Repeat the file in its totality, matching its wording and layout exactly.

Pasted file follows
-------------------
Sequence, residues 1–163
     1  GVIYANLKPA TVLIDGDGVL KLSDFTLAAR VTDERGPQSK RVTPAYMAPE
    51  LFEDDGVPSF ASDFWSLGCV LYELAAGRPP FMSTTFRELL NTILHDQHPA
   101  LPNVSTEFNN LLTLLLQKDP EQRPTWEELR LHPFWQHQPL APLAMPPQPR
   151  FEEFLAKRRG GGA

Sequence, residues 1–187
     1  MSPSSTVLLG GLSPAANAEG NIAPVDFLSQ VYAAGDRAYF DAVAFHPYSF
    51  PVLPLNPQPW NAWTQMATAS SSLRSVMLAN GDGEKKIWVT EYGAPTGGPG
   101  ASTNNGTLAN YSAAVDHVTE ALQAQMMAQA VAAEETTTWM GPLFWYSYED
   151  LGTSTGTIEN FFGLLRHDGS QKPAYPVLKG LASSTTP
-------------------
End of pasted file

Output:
Sequence, residues 1–163
     1  GVIYANLKPA TVLIDGDGVL KLSDFTLAAR VTDERGPQSK RVTPAYMAPE
    51  LFEDDGVPSF ASDFWSLGCV LYELAAGRPP FMSTTFRELL NTILHDQHPA
   101  LPNVSTEFNN LLTLLLQKDP EQRPTWEELR LHPFWQHQPL APLAMPPQPR
   151  FEEFLAKRRG GGA

Sequence, residues 1–187
     1  MSPSSTVLLG GLSPAANAEG NIAPVDFLSQ VYAAGDRAYF DAVAFHPYSF
    51  PVLPLNPQPW NAWTQMATAS SSLRSVMLAN GDGEKKIWVT EYGAPTGGPG
   101  ASTNNGTLAN YSAAVDHVTE ALQAQMMAQA VAAEETTTWM GPLFWYSYED
   151  LGTSTGTIEN FFGLLRHDGS QKPAYPVLKG LASSTTP